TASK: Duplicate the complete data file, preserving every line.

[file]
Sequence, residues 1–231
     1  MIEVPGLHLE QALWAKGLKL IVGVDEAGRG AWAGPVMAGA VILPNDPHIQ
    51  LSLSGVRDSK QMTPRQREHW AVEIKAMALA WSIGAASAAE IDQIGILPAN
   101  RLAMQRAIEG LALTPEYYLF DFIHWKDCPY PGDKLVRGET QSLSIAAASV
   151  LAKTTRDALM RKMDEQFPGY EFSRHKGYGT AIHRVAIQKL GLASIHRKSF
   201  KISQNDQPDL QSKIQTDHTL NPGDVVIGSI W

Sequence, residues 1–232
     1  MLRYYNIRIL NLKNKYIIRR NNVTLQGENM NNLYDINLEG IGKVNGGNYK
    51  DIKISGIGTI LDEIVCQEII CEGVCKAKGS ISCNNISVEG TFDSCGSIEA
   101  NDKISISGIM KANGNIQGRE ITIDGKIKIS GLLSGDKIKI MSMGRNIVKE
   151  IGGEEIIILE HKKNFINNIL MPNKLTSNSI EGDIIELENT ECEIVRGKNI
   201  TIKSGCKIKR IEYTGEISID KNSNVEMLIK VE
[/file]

Sequence, residues 1–231
     1  MIEVPGLHLE QALWAKGLKL IVGVDEAGRG AWAGPVMAGA VILPNDPHIQ
    51  LSLSGVRDSK QMTPRQREHW AVEIKAMALA WSIGAASAAE IDQIGILPAN
   101  RLAMQRAIEG LALTPEYYLF DFIHWKDCPY PGDKLVRGET QSLSIAAASV
   151  LAKTTRDALM RKMDEQFPGY EFSRHKGYGT AIHRVAIQKL GLASIHRKSF
   201  KISQNDQPDL QSKIQTDHTL NPGDVVIGSI W

Sequence, residues 1–232
     1  MLRYYNIRIL NLKNKYIIRR NNVTLQGENM NNLYDINLEG IGKVNGGNYK
    51  DIKISGIGTI LDEIVCQEII CEGVCKAKGS ISCNNISVEG TFDSCGSIEA
   101  NDKISISGIM KANGNIQGRE ITIDGKIKIS GLLSGDKIKI MSMGRNIVKE
   151  IGGEEIIILE HKKNFINNIL MPNKLTSNSI EGDIIELENT ECEIVRGKNI
   201  TIKSGCKIKR IEYTGEISID KNSNVEMLIK VE